Defending the credit union tax exemption is the Credit Union National Association's No. 1 priority this year, CUNA President/CEO Bill Cheney has said. Several credit union leagues such as those in Ohio and Oregon are monitoring tax reform proposals in their states.

"Consumers benefit by having credit unions in the financial marketplace," Jury wrote. "While Iowa credit unions make up only 10% of this market, this competition creates a better environment for consumers and keeps bank fees from getting even more outrageous. The bankers do not like this competition, and are attacking the credit union tax status, claiming that increasing taxes on credit unions would help solve America's fiscal woes. Bankers want to raise the taxes of Iowa's credit union member owners."

Banks are pointing to national economic challenges as the rationale to tax credit union members, which just makes their claims more outlandish, Jury added. The idea that the banks would advocate for an increase of taxes--after [the Troubled Asset Relief Program] and the taxpayer bailout--on any Iowan "is self-serving," he said.

"Increasing taxes on credit unions increases taxes on Iowa credit union members," Jury wrote. "Credit unions would have to pass along the increased expense to their members in the form of higher fees, higher loan rates and lower savings dividends. There would be no incentive for credit unions to remain not-for-profit and our economy would lose the only sector of the financial industry that is not driven by profit, but, instead, a dedication to serve its members."

To read the op-ed, use the link.

CU, AmeriCU Mortgage team to build lending

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ST. PAUL, Minn. (2/5/13)--A partnership between HomeTown CU in Owatonna, Minn., and AmeriCU Mortgage Co. is helping bolster new lending relationships in the credit union's community.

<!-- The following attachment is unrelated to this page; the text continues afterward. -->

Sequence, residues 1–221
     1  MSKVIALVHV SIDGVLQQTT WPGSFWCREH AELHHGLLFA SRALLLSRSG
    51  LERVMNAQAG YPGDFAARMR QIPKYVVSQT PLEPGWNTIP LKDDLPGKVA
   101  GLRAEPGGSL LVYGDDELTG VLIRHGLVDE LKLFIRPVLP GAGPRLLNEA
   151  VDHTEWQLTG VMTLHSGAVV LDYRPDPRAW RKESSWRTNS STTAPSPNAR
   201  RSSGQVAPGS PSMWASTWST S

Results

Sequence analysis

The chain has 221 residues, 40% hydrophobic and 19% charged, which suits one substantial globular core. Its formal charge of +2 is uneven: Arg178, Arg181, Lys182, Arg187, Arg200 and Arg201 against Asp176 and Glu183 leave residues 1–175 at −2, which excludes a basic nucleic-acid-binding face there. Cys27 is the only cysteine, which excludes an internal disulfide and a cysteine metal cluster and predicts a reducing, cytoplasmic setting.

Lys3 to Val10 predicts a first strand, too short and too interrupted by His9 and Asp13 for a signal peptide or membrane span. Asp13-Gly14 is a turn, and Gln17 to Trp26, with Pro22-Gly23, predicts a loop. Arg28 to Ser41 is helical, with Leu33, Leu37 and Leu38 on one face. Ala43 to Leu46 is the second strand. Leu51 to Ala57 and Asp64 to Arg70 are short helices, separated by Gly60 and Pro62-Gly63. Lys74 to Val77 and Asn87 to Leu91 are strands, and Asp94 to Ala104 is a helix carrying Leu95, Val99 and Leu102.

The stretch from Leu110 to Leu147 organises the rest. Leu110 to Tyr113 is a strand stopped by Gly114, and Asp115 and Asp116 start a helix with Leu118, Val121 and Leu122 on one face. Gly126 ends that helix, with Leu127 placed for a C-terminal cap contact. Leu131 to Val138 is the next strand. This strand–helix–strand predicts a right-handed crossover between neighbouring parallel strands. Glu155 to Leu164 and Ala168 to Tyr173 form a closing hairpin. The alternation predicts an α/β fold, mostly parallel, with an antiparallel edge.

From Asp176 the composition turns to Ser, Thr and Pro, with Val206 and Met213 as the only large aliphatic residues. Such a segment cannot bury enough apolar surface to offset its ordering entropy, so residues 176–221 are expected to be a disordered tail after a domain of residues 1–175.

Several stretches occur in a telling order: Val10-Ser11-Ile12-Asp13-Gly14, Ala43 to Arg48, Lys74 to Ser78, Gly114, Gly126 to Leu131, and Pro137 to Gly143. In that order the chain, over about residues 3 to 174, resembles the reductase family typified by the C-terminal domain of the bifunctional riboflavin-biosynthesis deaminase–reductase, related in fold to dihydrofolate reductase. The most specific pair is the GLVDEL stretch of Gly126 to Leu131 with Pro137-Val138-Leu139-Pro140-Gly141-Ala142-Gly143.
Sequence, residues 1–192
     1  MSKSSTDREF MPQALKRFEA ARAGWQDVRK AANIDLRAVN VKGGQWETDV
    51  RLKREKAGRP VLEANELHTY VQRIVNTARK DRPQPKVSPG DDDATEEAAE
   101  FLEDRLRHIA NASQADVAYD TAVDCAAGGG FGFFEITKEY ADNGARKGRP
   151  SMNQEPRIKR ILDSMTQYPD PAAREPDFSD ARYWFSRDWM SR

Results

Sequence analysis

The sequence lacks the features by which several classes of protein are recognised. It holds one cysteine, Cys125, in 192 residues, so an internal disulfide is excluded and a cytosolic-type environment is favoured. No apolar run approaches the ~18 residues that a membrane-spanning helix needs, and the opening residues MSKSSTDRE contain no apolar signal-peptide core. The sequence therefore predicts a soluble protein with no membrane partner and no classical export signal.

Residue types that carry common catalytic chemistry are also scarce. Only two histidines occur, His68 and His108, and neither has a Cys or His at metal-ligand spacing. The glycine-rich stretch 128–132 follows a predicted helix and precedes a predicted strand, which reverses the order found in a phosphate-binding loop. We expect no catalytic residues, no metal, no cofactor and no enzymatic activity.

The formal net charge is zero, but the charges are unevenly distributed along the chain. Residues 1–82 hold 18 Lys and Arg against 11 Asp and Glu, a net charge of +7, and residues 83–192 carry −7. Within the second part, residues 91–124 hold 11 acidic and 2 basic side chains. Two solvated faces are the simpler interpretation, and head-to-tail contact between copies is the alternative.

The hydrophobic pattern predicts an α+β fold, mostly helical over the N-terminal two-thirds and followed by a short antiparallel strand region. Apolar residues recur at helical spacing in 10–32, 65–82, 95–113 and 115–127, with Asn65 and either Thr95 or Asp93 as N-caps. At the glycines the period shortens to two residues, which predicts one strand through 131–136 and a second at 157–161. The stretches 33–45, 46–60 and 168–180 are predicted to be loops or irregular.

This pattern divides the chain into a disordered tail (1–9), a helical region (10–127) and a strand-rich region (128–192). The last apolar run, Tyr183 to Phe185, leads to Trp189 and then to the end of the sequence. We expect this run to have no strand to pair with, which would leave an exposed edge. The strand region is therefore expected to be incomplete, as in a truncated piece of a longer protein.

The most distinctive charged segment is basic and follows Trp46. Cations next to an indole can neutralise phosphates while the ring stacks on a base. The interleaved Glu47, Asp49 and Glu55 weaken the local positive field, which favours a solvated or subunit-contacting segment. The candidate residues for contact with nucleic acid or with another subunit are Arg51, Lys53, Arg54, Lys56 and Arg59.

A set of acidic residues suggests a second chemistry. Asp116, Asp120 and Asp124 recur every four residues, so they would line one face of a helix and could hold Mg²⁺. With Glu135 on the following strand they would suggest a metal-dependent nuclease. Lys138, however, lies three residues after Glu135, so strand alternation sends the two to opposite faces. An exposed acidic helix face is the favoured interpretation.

The two organizations recently organized an open house for realtors in the area to help the credit union build, strengthen and improve its loan portfolios, according to the Minnesota Credit Union Network.

At the event, representatives in the housing industry met and networked with the credit union's loan officers. The open house also allowed the $107 million asset credit union to educate realtors about available programs and to develop relationships with real estate organizations, MnCUN said.

"This open house event presented a unique opportunity for the credit union to begin to diversify its mortgage lending beyond refinancing, and demonstrate that building relationships with real estate agents and organizations is a key step in finding additional loan sources," said MnCUN Vice President-Network Service Corp. John Ferstl. "The hope is that, through this event, we can create awareness that our strategic alliance partners are willing to work with credit unions and customize ways to improve their bottom line."

AmeriCU Mortgage Co. is a strategic alliance partner of MnCUN. Through MnCUN's Network Service Corp., credit unions have access to products and services that AmeriCU and MnCUN's other strategic alliance partners offer, said MnCUN.

Computerworld features Mich league's CUBE TV

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EAST LANSING, Mich. (2/5/13)--The Michigan Credit Union League's video portal CUBE TV is prominently featured in a Computerworld article about four businesses' success in using videos as a key communications tool.

CUBE TV--CUBE stands for Credit Union Broadcast Experience--was launched in 2008 so the league could provide video content on its website, Dave Adams, MCUL's president/CEO, told the publication (Jan. 23).  It provided updates on the industry, information about league strategic plans and financial performance, and direction to staff and board of directors at about 300 credit unions," he said.

The concept stemmed from the popularity of videos on YouTube. Today, it includes a subsidiary that creates websites and Web content  for credit unions.

"As a trade association, one of our core functions is education and information for our industry," Adams said. The videos focus on the Michigan market but create content that can be shared with other leagues.

Two full-time staffers, a part-timer and one intern are dedicated to CUBE-TV. Two to three others provide regular content such as a monthly video.